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North America is going to totally miss out on the longest lunar eclipse of the century

Published Jun 27th, 2018 6:54PM EDT
longest eclipse
Image: Richard Vogel/AP/REX/Shutterstock

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North America, and more specifically the United States, got treated to a spectacular total solar eclipse in 2017, but the entire northern half of the Americas will be missing out on what might be the best skygazing event of 2018. A lunar eclipse is slated to take place on July 27th, and while lunar eclipses are a fairly regular occurrence no matter where you live, this one will be particularly fantastic.

Scientists anticipate the eclipse will last approximately one hour and 43 minutes, making it the longest solar eclipse of the century and a truly one-in-a-lifetime event. Unfortunately, everyone in North America is going to totally miss out on it.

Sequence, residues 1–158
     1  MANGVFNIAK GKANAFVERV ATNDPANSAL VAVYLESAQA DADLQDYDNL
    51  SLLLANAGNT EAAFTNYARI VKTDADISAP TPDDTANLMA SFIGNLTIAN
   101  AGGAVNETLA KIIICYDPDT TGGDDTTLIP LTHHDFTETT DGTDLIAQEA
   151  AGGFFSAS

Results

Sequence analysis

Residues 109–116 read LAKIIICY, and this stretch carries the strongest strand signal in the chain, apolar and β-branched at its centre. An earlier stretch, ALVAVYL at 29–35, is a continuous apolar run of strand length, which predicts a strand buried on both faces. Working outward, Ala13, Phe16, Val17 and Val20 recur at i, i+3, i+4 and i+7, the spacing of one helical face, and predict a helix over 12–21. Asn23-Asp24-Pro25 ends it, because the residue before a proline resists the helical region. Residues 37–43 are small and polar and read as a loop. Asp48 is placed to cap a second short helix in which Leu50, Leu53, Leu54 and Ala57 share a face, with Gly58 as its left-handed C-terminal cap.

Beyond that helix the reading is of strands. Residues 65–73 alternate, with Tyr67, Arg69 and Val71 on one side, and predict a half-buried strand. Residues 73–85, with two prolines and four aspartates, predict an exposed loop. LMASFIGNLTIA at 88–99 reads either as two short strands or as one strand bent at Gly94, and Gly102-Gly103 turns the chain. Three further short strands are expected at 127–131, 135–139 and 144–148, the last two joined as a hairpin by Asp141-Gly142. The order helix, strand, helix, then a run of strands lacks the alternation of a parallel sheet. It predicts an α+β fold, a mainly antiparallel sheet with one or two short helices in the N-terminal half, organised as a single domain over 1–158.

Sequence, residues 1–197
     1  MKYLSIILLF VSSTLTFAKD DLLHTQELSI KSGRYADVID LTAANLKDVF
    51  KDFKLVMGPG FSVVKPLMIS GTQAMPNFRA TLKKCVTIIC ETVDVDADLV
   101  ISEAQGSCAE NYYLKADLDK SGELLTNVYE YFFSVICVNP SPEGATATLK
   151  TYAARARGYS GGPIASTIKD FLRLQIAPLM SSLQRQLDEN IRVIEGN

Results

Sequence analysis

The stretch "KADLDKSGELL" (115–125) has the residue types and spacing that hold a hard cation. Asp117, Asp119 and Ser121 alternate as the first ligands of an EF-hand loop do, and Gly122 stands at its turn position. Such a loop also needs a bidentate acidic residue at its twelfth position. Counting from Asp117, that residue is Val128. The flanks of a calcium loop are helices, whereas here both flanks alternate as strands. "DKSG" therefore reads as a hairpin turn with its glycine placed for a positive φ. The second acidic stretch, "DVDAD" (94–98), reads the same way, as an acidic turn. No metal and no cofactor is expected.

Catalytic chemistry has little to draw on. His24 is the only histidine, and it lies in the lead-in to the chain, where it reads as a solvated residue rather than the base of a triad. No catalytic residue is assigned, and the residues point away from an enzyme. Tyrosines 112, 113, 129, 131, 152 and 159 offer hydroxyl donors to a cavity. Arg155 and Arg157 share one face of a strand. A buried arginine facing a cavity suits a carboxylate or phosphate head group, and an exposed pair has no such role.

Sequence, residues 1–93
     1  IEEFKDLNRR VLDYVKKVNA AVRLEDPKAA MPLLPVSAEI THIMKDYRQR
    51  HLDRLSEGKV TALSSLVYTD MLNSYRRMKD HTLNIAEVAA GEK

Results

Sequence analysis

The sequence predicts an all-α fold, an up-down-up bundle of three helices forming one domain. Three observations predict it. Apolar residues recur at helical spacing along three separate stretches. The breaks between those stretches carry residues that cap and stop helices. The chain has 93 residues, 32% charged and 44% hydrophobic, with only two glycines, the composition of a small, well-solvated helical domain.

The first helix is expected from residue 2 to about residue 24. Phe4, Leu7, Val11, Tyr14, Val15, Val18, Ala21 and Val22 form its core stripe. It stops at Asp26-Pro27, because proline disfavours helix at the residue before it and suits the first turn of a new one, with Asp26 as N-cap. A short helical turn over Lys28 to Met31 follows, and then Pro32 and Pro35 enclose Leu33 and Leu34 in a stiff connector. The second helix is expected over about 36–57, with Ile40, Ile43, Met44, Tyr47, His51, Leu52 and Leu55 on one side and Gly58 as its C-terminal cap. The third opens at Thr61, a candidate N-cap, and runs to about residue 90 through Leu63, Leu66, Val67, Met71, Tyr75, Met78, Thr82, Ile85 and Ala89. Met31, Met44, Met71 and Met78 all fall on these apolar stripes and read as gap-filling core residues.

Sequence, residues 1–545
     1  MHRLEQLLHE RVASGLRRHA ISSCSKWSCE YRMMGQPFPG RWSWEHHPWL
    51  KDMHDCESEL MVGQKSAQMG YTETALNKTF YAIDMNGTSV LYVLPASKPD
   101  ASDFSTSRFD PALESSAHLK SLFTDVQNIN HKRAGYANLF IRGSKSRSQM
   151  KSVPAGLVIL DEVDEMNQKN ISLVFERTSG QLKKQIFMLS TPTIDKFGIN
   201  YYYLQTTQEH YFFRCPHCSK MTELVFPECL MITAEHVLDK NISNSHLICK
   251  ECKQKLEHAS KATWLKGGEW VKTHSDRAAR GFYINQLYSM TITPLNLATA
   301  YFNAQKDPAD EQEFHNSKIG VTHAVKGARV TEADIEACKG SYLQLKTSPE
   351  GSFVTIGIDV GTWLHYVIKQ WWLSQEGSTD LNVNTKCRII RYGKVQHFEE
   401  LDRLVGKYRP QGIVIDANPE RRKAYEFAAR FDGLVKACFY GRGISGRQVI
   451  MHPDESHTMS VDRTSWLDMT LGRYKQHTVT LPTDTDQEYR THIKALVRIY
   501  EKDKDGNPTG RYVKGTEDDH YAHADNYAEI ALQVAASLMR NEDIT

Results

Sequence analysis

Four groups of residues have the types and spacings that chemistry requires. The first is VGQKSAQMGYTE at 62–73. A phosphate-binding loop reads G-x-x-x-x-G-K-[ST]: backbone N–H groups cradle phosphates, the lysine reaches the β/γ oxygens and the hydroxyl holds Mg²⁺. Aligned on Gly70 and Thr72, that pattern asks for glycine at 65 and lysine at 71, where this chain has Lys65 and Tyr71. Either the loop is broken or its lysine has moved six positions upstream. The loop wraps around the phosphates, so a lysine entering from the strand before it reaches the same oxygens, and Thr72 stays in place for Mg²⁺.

The eclipse will begin at around 7:30 pm UTC, which is around 3:30 pm ET. Obviously, that’s not a great time for spotting the Moon from North America. The eclipse will wrap up at approximately 5:13 pm ET, but it will be at its maximum at 4:22 pm ET. So, yeah, the United States and Canada will be left out of this one.

The good news is that anyone in Eastern Africa or Central Asia will see the entire thing quite clearly, while those in Europe, Australia, South America, or the rest of Africa will see at least part of it. It’ll certainly be a stunning sight, and its extended length will give everyone in those regions a chance to enjoy at least some of it.

As for skywatchers in North America, you can bet that there will be plenty of livestreams of the event, so you’ll still get to catch a glimpse of it as it happens, even if it’s only through your computer screen.